Politics & Policy

America Still Needs Conservative Reforms


This nominating season is showing us that the old conservative formulas for winning elections aren’t working any more — even within the Republican party. If we want to bring conservative change to the country, we are going to have to adapt.

Exactly what lies behind Donald Trump’s plurality of the Republican primary vote has been hotly debated. But it is clear that his success is partly due to the fact that many Americans are disaffected from their elected officials. Even many Americans who do not identify as liberals do not feel that the conservative agenda of the last four decades has much to offer them. Trump has, after all, been able to thrive while disagreeing with or ignoring much of that agenda.

Some conservatives have been warning for years that our agenda is too narrowly focused, and out of touch with most voters’ current concerns: that we spend much more time thinking about how to get the top tax rate down than about how to raise middle-class wages. (Or that we act, contrary to both voter sentiment and common sense, as though these two goals are the same.) We look at the economy too often through the eyes of business owners, and not often enough through the eyes of their employees.

The RAND Corporation recently found that the strongest indicator of Trump support is believing that “people like me don’t have any say in what the government does.” It’s easy for conservatives to blame liberals for that state of affairs. But we have not always kept these frustrated voters in mind ourselves.

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In a short book released by the Conservative Reform Network two years ago — Room to Grow — several conservatives explained this disconnect and offered a few ideas to fix it. Pete Wehner described the anxieties of the middle class, whose members increasingly fear that the American dream is slipping through their grasp, and believe by a wide margin that Democrats favor their interests more than Republicans. Yuval Levin warned conservatives against merely negotiating over the price tag of the Left’s platform. Instead, he wrote, they should present an agenda “rooted not just in fiscal concerns but in a political, moral, and social vision much better aligned with the realities of American life and the character of Americans’ aspirations.”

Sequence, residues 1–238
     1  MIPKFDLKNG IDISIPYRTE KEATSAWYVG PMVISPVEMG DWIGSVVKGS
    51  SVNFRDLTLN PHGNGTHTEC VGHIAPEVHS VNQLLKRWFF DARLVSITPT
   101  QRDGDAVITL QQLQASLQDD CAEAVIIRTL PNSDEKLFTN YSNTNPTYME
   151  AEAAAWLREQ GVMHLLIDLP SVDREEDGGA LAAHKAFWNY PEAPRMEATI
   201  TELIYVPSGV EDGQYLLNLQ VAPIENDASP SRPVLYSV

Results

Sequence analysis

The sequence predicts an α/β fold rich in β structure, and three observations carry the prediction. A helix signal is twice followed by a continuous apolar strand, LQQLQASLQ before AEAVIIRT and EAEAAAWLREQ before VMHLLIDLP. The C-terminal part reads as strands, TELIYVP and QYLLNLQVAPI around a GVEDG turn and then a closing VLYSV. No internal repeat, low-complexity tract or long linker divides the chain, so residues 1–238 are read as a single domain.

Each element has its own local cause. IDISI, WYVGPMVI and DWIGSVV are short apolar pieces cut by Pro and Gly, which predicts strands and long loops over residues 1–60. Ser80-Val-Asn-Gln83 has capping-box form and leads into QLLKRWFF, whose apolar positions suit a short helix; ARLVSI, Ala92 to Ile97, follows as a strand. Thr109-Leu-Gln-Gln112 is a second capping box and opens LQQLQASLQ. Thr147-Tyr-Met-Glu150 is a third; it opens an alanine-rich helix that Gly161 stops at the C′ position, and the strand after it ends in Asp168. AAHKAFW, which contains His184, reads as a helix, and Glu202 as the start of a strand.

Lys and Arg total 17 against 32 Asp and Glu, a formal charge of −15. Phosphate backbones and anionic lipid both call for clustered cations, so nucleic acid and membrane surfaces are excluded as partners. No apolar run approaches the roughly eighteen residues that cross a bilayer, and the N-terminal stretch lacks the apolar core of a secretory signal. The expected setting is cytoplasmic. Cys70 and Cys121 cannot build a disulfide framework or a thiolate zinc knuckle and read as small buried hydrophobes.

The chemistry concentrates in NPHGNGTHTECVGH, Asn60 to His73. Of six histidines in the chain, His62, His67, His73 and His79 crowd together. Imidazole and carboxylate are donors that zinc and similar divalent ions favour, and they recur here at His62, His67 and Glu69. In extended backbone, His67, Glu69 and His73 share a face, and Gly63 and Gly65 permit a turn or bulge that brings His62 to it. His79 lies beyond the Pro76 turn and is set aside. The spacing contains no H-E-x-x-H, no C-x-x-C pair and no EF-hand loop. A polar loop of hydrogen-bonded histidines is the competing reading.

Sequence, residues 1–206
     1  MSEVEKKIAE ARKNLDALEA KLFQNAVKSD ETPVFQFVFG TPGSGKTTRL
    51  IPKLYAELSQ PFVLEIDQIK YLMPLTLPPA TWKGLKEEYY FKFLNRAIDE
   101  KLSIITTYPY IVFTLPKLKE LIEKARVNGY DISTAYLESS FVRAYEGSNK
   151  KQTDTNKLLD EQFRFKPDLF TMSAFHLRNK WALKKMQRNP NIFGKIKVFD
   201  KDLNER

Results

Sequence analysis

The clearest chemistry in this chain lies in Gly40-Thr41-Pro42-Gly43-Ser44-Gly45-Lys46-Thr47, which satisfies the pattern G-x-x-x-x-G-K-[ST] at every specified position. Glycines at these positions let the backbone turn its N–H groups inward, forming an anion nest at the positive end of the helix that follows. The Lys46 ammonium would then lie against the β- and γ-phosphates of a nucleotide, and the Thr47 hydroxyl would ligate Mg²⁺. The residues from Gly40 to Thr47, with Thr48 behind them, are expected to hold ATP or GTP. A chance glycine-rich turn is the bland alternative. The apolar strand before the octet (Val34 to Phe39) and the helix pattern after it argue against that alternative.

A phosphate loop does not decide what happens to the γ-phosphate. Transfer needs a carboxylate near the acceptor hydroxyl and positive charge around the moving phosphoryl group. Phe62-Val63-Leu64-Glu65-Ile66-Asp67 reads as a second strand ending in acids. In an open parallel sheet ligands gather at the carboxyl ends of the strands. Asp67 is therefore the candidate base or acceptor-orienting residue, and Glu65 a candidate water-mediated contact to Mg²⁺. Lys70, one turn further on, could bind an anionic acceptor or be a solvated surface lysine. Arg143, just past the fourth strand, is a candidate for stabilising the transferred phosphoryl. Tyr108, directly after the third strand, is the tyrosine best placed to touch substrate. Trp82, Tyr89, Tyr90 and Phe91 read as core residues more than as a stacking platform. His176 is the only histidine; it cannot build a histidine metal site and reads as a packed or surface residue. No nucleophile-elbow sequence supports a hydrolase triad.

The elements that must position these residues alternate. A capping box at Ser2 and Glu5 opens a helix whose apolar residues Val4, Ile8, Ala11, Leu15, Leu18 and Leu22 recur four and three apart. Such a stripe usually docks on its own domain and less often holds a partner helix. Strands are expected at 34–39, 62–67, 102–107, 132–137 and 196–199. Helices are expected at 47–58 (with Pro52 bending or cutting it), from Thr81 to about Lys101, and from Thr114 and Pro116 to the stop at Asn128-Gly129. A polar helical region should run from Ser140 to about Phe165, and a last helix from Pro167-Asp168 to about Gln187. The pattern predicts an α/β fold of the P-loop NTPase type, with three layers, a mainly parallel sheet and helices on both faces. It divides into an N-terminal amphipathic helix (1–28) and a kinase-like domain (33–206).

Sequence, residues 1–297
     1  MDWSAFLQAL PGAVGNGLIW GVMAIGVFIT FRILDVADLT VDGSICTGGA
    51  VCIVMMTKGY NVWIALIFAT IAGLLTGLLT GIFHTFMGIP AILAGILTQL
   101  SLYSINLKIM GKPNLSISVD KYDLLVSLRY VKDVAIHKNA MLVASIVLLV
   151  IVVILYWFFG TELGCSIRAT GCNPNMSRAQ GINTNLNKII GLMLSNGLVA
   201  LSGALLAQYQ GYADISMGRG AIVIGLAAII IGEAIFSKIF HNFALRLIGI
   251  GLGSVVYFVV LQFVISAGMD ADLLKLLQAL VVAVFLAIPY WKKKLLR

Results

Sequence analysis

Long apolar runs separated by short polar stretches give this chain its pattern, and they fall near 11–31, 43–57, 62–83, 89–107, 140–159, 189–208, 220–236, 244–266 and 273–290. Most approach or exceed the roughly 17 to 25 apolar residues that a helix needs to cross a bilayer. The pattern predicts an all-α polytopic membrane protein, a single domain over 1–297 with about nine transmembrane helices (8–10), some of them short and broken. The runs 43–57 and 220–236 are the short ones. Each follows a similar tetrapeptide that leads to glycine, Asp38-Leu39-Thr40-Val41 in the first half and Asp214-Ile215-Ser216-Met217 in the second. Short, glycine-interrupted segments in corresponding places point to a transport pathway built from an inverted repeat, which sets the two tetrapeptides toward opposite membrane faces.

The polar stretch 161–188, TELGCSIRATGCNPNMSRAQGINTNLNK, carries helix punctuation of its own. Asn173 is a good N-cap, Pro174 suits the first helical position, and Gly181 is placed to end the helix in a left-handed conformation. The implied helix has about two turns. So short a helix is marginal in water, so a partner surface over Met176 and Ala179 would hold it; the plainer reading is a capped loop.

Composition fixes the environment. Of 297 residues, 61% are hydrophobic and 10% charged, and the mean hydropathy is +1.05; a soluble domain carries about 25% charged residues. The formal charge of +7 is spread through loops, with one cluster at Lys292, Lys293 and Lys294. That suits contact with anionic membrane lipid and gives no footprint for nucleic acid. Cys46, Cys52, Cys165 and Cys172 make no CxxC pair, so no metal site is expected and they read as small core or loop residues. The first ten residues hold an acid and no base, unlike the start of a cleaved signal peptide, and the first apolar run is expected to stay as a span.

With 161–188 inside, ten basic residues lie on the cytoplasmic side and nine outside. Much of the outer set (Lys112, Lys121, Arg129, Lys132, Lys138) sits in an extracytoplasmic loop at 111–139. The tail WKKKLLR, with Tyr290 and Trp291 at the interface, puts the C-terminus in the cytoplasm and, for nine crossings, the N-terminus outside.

#share#In the chapters that followed, other authors suggested conservative reforms to help those trapped in unemployment and dependency find work; to lighten the heavy financial burden on middle-class parents; to make health insurance affordable and accessible to everyone; and to create new paths to opportunity for people without college degrees. The work of developing such proposals has continued in the years since.

A few presidential candidates took up some of these reform ideas, and added some similar ideas of their own. But they did not highlight these ideas in their campaigns. Perhaps they were waiting for the general election, convinced that the primaries demanded an appeal to more familiar conservative policies; perhaps they thought the press was more interested in food fights between the candidates than in their proposals.

It turns out that GOP primary voters, just as much as the general electorate, have no great attachment to the old conservative agenda.

This now appears to have been a mistake. While the kind of ideas in Room to Grow do not add up to a panacea, either for the Americans they are designed to help or for conservative politicians, those Republicans hoping to be president could only have helped themselves by showing that they took these concerns seriously — especially if they had started showing it years ago. It turns out that GOP primary voters, just as much as the general electorate, have no great attachment to the old conservative agenda.

The vacuum created by an absence of conservative ideas that address popular concerns has been filled with ill-considered and unconservative ideas that purport to address them. Trump’s tariffs, for example, would at best raise the cost of living, hitting people with low to moderate incomes especially hard. At worst, they would also lead to a job-destroying trade war. Trump’s promises are extravagant and bear no relation to anything his deal-making could actually accomplish. If he were ever elected, Americans would become even more disillusioned than they already are.

Conservatives need to be in the business of offering the public real solutions rooted in our limited-government philosophy. Many voters, even people who aren’t already conservatives themselves, might find those solutions attractive. And even if they didn’t, at least they would know that we conservatives care about more than just capital-gains taxes.

— April Ponnuru is the senior advisor to the Conservative Reform Network and a former advisor to Governor Jeb Bush’s presidential campaign. Ramesh Ponnuru is a senior editor of National Review.

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